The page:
Posts Tagged: working mothers

Spring Cleaning?

I love the idea of spring cleaning and getting organized, I really do. There’s something about a fresh start that I’m crazy about. I can’t decide whether I like January or September more for getting back on track with new routines, so I just consider both months “clean slate months”.  Spring is another perfect time to hop on the organization bandwagon! You see, there’s always a fresh start a few months away in case your best intentions didn’t work out!

When I was growing up, my very organized Mom not only did a major cleaning each season but actually changed the décor depending on the season. We had sheer, light flowing curtains that were pulled out in the spring/summer and heavier ones for the fall/winter.  The same went for bedspreads. Remember bedspreads? The upcoming season’s clothes were switched for the outgoing like clockwork. The storm windows were replaced with screens. It was a time for change…welcoming nicer weather after a long winter and getting cozy in the fall in anticipation of colder weather.

I’m not sure that I’ve ever done a real full on spring cleaning. The kind of cleaning that Martha would approve of, I mean.  The super thorough cleaning that includes vacuuming the refrigerator coils, washing the walls and resealing grout lines. Do people really wash their walls? I’m thinking this might be the year I put a little more effort into getting our home into shape.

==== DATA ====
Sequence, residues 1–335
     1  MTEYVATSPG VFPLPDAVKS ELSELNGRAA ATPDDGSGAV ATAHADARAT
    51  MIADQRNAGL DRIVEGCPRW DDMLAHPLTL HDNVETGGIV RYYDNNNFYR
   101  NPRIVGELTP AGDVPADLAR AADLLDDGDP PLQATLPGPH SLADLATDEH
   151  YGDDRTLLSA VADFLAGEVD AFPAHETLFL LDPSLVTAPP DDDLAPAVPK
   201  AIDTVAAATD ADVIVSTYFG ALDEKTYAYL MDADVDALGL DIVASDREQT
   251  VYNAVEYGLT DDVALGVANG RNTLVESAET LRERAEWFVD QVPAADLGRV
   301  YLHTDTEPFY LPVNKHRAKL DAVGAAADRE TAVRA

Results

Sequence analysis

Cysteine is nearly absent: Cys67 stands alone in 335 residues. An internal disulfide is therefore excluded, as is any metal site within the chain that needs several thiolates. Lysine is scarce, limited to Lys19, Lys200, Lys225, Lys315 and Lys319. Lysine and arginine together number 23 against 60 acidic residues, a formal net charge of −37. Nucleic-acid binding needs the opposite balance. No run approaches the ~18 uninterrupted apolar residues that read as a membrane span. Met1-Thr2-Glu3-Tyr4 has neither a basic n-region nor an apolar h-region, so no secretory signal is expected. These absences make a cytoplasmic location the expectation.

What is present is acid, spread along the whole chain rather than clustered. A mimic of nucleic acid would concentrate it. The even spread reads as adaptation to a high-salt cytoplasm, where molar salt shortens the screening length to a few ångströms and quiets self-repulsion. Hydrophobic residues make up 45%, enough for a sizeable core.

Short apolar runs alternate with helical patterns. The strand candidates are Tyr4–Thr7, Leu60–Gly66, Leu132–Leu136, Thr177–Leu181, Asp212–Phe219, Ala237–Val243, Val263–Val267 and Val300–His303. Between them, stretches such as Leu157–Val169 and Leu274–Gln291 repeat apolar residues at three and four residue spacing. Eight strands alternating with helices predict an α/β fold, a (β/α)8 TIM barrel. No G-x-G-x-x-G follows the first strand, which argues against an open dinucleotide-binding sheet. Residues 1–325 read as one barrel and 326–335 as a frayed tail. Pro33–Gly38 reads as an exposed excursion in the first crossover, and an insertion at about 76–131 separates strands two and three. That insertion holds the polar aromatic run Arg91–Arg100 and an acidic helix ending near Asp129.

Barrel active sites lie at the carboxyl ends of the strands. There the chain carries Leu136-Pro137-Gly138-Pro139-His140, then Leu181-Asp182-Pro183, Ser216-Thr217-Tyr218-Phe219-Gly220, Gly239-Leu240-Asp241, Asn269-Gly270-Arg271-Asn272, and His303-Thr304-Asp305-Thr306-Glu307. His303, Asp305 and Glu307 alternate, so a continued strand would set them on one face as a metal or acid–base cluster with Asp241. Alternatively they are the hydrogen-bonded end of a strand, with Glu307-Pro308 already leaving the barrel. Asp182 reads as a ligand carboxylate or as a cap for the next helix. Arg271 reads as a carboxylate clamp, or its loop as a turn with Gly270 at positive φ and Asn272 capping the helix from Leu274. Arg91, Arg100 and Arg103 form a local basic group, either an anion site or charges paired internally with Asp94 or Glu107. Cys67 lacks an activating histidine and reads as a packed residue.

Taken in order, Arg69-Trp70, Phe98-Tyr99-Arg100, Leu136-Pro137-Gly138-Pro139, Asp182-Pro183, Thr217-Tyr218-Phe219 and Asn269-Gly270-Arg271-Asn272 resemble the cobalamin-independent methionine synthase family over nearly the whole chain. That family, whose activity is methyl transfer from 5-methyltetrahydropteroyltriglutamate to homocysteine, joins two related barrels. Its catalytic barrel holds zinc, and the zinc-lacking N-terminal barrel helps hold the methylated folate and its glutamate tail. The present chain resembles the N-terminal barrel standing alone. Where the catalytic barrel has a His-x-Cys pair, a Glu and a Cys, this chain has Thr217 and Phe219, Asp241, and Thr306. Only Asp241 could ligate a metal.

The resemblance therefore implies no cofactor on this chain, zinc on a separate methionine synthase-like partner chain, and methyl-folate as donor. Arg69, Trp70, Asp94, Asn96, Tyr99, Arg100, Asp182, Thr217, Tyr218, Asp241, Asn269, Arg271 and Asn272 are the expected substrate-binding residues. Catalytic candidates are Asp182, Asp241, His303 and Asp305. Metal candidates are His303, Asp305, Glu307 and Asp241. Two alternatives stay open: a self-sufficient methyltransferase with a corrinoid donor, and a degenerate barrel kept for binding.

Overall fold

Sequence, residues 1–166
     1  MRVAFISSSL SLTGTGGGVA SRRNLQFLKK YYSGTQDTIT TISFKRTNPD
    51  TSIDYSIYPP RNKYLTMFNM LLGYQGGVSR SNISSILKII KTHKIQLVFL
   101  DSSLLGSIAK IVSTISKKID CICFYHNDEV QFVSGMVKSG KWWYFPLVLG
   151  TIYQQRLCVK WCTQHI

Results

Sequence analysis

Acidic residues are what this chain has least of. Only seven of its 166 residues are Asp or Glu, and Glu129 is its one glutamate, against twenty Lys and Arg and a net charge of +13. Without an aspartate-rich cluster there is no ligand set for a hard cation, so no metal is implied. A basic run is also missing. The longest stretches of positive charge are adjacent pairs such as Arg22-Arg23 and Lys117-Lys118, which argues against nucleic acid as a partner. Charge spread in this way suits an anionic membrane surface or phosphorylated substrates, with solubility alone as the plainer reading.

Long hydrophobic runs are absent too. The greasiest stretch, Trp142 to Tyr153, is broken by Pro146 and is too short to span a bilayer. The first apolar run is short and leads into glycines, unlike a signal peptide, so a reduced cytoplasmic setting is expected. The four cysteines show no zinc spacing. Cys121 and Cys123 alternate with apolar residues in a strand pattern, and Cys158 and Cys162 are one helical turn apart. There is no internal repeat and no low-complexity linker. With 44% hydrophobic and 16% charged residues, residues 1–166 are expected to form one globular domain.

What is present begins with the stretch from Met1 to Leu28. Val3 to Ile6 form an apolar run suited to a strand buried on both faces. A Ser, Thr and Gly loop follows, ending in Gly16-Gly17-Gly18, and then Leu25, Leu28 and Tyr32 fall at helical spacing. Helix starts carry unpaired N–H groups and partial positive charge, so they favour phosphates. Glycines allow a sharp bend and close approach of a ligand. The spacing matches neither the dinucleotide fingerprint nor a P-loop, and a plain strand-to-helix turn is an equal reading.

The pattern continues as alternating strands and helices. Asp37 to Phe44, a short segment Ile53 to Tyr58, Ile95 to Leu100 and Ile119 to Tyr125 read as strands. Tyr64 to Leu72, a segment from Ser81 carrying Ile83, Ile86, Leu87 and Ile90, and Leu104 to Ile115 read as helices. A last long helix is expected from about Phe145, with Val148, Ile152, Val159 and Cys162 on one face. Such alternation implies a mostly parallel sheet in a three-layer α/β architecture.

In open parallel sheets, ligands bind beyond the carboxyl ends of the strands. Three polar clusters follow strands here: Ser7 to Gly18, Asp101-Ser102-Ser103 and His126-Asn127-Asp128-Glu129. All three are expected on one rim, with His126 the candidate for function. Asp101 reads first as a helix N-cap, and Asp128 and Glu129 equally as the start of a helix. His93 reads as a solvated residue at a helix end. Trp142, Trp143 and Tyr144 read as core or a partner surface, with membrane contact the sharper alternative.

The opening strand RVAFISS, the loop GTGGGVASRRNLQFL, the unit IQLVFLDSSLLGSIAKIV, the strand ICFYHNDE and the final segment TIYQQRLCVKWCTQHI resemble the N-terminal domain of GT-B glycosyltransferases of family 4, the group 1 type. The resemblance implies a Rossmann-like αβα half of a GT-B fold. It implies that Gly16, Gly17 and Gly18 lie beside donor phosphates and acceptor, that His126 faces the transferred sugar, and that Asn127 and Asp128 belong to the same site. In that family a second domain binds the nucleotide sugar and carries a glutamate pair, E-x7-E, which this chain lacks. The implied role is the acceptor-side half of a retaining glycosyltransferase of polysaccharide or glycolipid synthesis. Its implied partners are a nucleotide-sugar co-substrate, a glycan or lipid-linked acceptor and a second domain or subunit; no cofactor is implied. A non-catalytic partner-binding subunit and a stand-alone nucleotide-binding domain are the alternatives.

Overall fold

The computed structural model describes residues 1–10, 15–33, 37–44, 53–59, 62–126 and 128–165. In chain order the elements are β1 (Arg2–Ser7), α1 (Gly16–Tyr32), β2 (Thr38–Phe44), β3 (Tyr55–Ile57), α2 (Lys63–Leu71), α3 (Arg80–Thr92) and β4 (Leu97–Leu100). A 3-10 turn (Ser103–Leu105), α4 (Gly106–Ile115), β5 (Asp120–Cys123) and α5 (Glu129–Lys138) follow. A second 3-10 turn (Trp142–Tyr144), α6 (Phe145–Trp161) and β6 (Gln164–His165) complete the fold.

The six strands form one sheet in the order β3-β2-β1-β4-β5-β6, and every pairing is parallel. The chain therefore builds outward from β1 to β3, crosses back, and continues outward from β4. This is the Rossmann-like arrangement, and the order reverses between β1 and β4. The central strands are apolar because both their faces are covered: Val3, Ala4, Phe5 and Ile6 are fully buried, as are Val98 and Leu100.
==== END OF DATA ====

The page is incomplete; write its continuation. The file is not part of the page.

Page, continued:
But where to even START? According to the experts decluttering is the first step, but that might take well into the fall (or more realistically, NEXT spring).

I did a “Spring Cleaning” search on the internet that took 2 seconds to provide 60,200,000 results. AHHHHH!!  There are Facebook groups dedicated to offering ideas and encouragement as you whip your home into shape for spring. Google “spring cleaning checklists” and you’ll find everything you need, including 30 day challenges that might provide just the right motivation. What could be easier? Just print a checklist and get started, right? Even if my grout lines don’t get resealed this time, there’s always the fall (or more realistically, NEXT spring).